|Last Updated:||February 1, 2004|
|Other Name:||Instituto Finlay, Centro de Investigación - Producción de Vacunas y Sueros; Carlos J. Finlay Institute; Carlos J. Finlay Research Institute; Finlay Research Institute; Finlay Institute|
|Location:||West Havana; part of the "Scientific Pole"|
|Size:||The Finlay Institute occupies 23,000 square meters of floor space, which is divided into three areas: fermentation, purification, and "clean rooms." There are over 900 employees at the institute, 60-70 percent of whom are scientists and engineers.|
Since its inception, the Finlay Institute has become an essential component to Cuba's vaccine research and production efforts. The Finlay Institute's most successful and best-known product is the vaccine against meningitis B and its current meningitis B and C combination vaccine. As part of the Cuban National Immunization Program, 10 of 27 vaccines currently in the research phase in Cuba are being developed at the Finlay Institute. Previous successes in coordination with institutes such as the Center for Genetic Engineering and Biotechnology (CIGB) have included development of vaccines against tetanus toxoid, leptospira, and hepatitis B. In 2002, the Finlay Institute developed a new vaccine against typhoid fever, similar to one produced by Belgian and French pharmaceutical companies. According to WFCC-MIRCEN World Data Centre for Microorganisms, Finlay Institute researchers are currently involved in applied microbiology, molecular biology, fermentation processes, vaccine development, and immunology.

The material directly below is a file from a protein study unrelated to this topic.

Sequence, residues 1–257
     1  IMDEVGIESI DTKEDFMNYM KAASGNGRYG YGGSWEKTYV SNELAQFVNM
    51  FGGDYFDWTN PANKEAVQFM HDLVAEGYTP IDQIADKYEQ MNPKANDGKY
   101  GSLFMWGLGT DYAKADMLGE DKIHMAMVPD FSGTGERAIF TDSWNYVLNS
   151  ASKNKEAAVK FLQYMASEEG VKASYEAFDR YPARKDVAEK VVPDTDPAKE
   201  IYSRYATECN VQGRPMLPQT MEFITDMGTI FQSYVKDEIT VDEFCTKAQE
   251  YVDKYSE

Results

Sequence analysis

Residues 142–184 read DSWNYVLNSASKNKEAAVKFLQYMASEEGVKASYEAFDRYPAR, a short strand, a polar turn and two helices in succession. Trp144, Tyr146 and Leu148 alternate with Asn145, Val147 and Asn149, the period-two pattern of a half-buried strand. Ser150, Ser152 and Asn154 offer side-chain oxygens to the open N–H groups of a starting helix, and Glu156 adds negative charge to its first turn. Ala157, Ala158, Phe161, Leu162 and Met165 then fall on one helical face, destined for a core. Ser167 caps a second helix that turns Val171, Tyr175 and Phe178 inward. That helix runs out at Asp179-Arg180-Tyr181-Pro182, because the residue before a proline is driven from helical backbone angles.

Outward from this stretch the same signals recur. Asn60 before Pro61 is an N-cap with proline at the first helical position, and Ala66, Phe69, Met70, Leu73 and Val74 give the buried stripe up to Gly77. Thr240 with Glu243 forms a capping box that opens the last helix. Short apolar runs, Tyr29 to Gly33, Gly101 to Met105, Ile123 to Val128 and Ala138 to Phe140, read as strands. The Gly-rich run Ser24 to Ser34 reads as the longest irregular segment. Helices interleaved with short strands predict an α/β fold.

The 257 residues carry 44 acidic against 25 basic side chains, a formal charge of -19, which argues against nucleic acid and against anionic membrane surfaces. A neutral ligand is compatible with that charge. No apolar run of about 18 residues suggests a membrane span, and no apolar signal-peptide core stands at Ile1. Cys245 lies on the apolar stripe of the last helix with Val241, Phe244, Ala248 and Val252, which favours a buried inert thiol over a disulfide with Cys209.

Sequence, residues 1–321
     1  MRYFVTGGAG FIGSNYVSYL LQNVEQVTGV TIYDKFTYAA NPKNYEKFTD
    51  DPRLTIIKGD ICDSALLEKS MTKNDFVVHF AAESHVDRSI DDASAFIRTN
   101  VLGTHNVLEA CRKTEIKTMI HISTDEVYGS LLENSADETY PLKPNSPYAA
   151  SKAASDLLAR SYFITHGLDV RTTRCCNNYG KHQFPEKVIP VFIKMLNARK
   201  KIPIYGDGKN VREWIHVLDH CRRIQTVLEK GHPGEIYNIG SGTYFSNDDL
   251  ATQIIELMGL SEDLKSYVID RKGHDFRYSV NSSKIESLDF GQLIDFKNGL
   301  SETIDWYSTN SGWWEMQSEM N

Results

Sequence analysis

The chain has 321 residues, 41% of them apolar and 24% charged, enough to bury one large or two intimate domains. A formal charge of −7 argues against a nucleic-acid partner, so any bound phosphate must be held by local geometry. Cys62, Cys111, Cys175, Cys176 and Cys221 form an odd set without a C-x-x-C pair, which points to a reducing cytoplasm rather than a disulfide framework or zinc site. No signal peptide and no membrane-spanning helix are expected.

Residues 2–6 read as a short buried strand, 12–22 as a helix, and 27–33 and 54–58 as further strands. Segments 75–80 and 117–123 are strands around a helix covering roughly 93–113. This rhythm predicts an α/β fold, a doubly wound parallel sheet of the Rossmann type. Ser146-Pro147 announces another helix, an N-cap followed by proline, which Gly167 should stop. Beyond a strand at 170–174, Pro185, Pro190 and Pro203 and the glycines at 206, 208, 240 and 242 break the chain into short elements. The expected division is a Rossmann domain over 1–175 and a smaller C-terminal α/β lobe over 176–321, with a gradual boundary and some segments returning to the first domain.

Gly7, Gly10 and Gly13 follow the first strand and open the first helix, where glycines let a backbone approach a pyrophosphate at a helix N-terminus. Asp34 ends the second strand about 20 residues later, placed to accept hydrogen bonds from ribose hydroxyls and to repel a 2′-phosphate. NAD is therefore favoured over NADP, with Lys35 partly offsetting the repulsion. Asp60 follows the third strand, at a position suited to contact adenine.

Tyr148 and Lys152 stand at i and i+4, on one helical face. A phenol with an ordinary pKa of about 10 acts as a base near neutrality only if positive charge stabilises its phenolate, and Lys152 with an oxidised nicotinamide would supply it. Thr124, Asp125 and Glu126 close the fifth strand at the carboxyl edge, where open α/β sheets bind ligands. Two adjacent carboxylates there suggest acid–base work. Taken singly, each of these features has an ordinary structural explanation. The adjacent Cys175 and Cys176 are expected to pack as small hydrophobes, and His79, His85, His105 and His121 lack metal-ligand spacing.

According to Granma Internacional, the Finlay Institute is equipped with modern fermentation installations, mass spectrometers, purification, filling and packaging plants, and quality control laboratories. Most of the equipment is imported, acquired abroad at a high cost because of the US trade embargo on Cuba.
Additional Information: The Finlay Institute is currently working with the GlaxoSmithKline Company on clinical trials of its meningitis B vaccine in both Europe and Latin America, with hopes of extending trials to the United States.
Key Sources: Chen May Yee, "Cutting-edge biotech in old-world Cuba," Christian Science Monitor, 17 April 2003, www.csmonitor.com/ 2003/ 0417/ p14s03-stct.htm; Manuel Cereijo, "Cuba: The Threat," GlobalSecurity.org, www.globalsecurity.org/ wmd/ library/ news/ cuba/ oagmc028.htm; Migdalis Perez Castillo, "Campa discusses vaccines developed at Finlay Institute," Prensa Latina, Havana, 1 April 1999, in FBIS PA0804010999, 1 April 1999; "Colleccion de Cuttivos Finlay, Instituto Finlay," WFCC-MIRCEN World Data Centre for Microorganisms, http://wdcm.nig.ac.jp?CCINFO/CCINFO.xml?770.